With weather like this, you can forget the turkey.
Although most Australians trace their roots to Europe, they often forgo preparing the traditional Christmas meal enjoyed in their ancestral land.
It is not that they have lost their taste for it. It is just that it is too hot to have it. Preparing a turkey feast with all the trimmings – potatoes, carrots, turnips, cranberry sauce - would mean spending hours in the kitchen in front of a warm oven – something that Australians find hard to bear when the temperature is more than 30 degrees Celsius outside.
“You definitely don’t want to heat up the house. It’s too hot,” says Jenny Williams, a community place manager for Salini Impregilo, which is building a prominent section of the metro rail network called Sydney Metro Northwest.
Formerly known as North West Rail Link, it is the biggest public transport infrastructure project in the country. It is the first stage of the Sydney Metro in a region with the highest car ownership levels in the city.
Since the seasons are reversed below the equator, Australians prefer to celebrate Christmas outdoors by having a barbecue with family and friends. And the food they put on the grill is more indicative of where they live: prawns, lobsters, steak… All served with salad on the side. Beer and wine are imperative.
Another difference is that Australians tend to celebrate Christmas lunch rather than dinner, as is often done in the Northern Hemisphere where the days are short and cold at that time of the year.
If there’s one similarity between the hemispheres, it’s the quantity of food served.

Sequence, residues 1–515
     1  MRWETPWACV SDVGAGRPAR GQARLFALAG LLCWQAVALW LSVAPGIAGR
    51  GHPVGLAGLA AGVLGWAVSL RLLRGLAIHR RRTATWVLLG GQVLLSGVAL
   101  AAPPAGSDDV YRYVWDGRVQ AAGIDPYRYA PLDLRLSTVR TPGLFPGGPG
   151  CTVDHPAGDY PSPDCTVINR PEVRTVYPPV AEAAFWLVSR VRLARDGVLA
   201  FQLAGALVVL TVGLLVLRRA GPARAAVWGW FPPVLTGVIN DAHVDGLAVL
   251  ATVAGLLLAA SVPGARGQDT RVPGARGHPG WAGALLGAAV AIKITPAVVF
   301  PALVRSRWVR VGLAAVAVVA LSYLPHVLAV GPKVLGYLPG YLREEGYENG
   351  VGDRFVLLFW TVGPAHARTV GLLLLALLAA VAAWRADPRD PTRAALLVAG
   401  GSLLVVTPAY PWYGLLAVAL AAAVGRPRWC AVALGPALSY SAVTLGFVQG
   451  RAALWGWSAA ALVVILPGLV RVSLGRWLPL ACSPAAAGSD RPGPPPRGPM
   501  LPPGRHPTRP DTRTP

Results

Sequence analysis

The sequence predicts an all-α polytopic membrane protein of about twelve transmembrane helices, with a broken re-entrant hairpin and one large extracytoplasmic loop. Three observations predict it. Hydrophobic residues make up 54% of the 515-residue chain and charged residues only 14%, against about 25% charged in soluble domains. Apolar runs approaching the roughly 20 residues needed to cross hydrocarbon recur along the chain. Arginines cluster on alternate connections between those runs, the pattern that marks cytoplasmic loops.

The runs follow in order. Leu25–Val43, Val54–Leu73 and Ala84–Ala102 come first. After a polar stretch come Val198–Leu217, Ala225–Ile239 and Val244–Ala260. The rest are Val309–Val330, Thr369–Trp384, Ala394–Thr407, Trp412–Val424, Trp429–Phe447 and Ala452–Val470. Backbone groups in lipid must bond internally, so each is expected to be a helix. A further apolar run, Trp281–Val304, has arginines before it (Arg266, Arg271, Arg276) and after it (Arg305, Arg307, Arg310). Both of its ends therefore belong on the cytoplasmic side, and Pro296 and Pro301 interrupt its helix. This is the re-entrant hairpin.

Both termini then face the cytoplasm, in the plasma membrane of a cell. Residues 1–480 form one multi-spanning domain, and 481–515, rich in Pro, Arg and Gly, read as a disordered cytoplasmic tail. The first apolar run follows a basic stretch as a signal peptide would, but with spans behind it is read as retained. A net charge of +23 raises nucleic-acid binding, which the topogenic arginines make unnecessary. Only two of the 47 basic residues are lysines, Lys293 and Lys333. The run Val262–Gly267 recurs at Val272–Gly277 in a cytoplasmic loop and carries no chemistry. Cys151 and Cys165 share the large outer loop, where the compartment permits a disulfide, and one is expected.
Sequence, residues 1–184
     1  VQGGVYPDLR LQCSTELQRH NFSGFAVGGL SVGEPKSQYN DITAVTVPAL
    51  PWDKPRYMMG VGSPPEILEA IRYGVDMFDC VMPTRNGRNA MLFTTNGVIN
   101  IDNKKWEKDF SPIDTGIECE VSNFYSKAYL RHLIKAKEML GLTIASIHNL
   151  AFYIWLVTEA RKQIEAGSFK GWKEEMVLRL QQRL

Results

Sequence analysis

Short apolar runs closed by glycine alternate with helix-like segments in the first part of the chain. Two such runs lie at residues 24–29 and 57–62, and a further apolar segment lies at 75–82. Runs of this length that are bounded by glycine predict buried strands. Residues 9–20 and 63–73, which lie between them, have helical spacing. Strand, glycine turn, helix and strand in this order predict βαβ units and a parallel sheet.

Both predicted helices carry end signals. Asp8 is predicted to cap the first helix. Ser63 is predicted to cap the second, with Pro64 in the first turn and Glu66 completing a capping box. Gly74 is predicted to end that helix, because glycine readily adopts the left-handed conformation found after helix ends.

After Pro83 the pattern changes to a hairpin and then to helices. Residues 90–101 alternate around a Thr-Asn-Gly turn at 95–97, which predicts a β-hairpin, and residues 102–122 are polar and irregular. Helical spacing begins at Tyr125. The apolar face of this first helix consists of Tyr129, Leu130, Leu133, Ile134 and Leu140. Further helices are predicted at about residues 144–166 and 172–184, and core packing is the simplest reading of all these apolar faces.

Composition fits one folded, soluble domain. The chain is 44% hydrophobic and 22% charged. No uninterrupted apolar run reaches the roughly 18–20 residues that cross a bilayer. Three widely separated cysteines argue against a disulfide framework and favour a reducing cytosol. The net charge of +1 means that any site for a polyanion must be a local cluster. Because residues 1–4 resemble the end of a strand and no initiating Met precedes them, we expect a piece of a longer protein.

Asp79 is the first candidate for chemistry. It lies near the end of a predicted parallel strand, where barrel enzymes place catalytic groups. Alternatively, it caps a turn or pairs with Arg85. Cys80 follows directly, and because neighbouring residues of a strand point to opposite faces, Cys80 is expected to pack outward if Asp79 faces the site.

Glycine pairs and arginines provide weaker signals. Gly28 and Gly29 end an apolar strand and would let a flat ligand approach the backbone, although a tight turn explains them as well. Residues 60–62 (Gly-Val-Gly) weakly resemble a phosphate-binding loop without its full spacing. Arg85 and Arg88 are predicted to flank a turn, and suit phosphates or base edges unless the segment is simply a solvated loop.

“You won’t have to eat for the next few days,” says Mark Dowsing, who also works as a community place manager on the project.
Francesco Novielli, a manager in administration, finance and control, or AFC, preferred to stay with his wife in Australia rather than return to Italy, his home country. “It’s great,” he says. “You can go to the beach afterwards.”
Novielli is one of the few Salini Impregilo employees to remain on site because work is coming to a halt with most overseas workers going back to their home countries for the holidays.
A party will be held at a restaurant before they depart. Only in the New Year will workers resume their quarterly gatherings to share a multicultural lunch. With people from some 20 nationalities, it is a spectacle that Novielli looks forward to. “The food is served with the flags of every country,” he says. The lunch reflects the diversity of people working for a company like Salini Impregilo, whose activities span the globe.
Despite the sun, surf and sand for which Australia is known, many of its residents dream of a white Christmas – even if they have never experienced one.
“The ideal is to have a white Christmas,” says Williams. Some insist on decorating their homes with snow flakes and send cards display white wonderlands. “It’s unusual to have summer-type Christmas cards,” she says.
But Novielli will have nothing of it. “I don’t want to go to Bari and catch a cold,” he says of his Italian homeland.